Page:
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Wayne Cavadi | | October 21, 2016

McElfresh anchors nation's best defense for No. 12 UCSD

  Goalkeeper Cameron McElfresh leads DII men's soccer in save percentage.

If the old adage is true that defense wins championships, the 2016 incarnation of the UC San Diego men’s soccer team is in great shape. The 11-1-2 Tritons are leading the nation in defense with a microscopic 0.27 goals against average, helping them jump nine spots to No. 12 in this week’s NSCAA Coaches Poll.

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Head coach Jon Pascale has long been known as a master of the defense-first philosophy. Under his tutelage, the Tritons reeled off winning season after winning season, often finding themselves either near or at the top of the goals-against leaderboard. Last year was a “down” year for the Tritons, finishing 6-6-6  Pascale’s first non-winning season of the decade. A lot has changed since last fall, as this team is heavy in veteran leadership.

“We didn’t lose a whole lot this year,” Pascale said. “I think that extra year of experience for the players pays huge dividends. You look at last year, and it was a little disappointing record wise. But I think it speaks volumes about our conference. We’re doing great and are off to a great start, but we know that in this conference, there isn’t a lot that separates the top from the bottom teams.”

Leading the charge defensively is red-shirt senior goal keeper Cameron McElfresh. McElfresh — who already earned the Tritons first-ever NSCAA National Player of the Week honors on Oct. 4 —had two shutouts last week en route to his first California Collegiate Athletic Association Player of the Week honors. McElfresh has now posted three consecutive shutouts, giving him nine on the season, which tops in the CCAA.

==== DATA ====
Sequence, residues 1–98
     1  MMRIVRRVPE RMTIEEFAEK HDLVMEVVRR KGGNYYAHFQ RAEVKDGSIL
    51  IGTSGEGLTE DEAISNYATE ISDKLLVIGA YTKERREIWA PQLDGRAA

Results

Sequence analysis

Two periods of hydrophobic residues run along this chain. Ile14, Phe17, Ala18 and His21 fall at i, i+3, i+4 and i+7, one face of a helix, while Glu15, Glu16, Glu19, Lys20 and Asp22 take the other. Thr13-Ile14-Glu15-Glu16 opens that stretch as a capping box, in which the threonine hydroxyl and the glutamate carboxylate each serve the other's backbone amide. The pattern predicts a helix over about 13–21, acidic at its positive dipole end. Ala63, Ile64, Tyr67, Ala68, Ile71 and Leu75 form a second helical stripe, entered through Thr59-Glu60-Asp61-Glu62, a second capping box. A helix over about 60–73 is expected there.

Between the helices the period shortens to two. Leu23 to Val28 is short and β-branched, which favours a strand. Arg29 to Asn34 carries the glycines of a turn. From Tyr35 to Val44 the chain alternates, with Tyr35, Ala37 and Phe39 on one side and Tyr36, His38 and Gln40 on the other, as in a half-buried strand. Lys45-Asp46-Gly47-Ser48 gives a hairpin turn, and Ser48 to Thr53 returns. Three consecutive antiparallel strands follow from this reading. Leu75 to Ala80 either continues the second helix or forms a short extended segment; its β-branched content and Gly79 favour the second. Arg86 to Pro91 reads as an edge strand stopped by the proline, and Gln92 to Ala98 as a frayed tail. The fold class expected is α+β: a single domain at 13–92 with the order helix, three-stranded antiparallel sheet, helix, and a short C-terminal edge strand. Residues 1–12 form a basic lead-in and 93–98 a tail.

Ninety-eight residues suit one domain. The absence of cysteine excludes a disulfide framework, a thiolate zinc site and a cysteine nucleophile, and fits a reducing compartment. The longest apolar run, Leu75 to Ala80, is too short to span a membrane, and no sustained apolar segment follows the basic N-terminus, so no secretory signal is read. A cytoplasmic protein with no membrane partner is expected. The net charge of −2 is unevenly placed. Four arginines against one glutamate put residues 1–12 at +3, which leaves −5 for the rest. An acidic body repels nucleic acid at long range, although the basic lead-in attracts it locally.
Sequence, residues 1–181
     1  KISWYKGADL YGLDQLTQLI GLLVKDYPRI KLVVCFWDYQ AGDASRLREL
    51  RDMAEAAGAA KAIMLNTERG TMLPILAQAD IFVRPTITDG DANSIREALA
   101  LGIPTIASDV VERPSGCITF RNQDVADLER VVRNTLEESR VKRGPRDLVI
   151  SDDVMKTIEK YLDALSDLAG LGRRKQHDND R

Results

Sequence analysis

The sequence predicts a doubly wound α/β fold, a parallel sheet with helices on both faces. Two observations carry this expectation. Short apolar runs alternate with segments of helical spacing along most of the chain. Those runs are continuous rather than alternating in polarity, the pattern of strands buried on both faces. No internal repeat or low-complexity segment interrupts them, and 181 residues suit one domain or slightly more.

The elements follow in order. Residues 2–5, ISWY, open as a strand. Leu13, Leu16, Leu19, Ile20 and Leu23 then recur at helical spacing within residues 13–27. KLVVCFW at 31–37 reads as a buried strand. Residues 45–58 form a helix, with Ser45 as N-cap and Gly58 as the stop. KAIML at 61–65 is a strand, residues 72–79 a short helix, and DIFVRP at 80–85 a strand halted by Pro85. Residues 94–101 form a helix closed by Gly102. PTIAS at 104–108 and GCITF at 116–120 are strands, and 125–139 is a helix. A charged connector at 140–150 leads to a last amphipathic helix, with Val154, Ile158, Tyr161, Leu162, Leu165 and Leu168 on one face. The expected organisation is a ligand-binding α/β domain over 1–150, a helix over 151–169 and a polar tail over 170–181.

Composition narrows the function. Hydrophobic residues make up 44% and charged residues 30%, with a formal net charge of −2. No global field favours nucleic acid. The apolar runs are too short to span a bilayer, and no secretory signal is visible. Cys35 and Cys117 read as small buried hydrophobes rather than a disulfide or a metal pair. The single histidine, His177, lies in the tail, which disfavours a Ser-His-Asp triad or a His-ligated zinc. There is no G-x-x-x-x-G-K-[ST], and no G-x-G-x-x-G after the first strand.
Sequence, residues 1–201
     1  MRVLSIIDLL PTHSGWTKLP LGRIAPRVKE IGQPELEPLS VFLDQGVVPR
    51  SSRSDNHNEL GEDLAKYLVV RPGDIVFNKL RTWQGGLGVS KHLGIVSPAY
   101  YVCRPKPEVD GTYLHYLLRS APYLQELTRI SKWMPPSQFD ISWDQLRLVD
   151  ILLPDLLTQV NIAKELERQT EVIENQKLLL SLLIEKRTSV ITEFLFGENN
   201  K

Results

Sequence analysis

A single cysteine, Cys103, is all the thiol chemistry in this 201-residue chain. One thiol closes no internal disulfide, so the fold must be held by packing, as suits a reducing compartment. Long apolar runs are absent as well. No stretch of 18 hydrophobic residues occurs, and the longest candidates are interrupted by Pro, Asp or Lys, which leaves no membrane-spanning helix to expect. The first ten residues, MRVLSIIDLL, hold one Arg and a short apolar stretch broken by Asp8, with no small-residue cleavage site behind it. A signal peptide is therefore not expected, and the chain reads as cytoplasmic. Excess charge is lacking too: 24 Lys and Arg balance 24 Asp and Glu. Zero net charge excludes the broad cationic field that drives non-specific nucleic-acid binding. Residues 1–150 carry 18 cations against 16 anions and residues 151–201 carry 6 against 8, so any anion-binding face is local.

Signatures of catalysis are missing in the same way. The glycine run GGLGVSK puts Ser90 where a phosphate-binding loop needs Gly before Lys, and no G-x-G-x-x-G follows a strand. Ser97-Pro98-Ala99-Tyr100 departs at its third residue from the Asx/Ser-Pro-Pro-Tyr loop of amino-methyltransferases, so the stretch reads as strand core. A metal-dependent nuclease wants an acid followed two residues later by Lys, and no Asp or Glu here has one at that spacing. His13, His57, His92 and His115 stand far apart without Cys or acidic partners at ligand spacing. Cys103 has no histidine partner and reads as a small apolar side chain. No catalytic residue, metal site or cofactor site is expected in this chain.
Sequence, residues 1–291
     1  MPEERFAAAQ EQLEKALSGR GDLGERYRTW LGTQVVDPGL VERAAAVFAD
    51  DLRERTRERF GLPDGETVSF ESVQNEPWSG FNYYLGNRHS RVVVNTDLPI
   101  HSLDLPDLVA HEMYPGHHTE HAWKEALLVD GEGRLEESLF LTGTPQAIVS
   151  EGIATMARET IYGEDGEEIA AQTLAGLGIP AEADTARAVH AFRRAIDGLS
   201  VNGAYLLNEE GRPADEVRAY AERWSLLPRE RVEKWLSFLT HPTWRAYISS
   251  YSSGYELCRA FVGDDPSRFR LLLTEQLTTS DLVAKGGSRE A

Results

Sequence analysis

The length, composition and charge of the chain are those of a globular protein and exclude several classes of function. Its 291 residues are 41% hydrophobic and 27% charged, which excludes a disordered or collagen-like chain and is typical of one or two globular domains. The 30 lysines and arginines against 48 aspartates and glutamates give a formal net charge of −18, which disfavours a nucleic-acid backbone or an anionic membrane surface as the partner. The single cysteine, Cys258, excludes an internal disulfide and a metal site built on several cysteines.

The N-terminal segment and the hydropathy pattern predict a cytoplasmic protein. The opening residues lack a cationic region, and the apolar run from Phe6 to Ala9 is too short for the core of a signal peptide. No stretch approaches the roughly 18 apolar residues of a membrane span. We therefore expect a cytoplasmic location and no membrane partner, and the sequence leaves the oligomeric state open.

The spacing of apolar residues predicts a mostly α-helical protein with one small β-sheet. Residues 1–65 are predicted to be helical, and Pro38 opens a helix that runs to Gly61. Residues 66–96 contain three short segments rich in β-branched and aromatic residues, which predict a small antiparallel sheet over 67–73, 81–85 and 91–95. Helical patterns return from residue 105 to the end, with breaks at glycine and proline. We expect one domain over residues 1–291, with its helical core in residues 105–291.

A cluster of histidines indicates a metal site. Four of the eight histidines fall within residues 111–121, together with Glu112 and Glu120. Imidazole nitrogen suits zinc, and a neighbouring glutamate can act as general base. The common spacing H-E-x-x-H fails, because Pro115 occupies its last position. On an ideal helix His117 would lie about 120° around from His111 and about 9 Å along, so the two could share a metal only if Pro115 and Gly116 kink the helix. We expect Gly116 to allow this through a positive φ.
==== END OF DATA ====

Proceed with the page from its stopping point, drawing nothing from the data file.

“Cameron is having a great year,” Pascale said. “He’s been the main guy for three seasons now. He’s always been a guy who reads the game very well. He’s not the biggest guy in stature, but it’s hard to find a keeper out there that can read the situations as well as he does and manage the guys in front of him.”

Standing at just 5-foot-11, McElfresh is not as imposing physically as he is in his mere presence. He frequently appears to be yelling on the field, but it is all part of his role as field general, directing players to the right spots and keeping the ball off of the net.

“I have always been more vocal,” McElfresh said. “I’m not a big guy, so any advantage I can get in keeping the ball from getting toward me is a big plus.”

McElfresh took over the goal for good in 2014 for the Tritons. Last season, he made 18 starts, posting a 1.09 goals-against average, while making 45 saves behind a .682 save percentage and posting seven shutouts. 

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What a difference a year makes. McElfresh currently leads the nation in both save percentage (.917) and goals-against average (.281) heading into Friday night’s bout against Stanislaus State.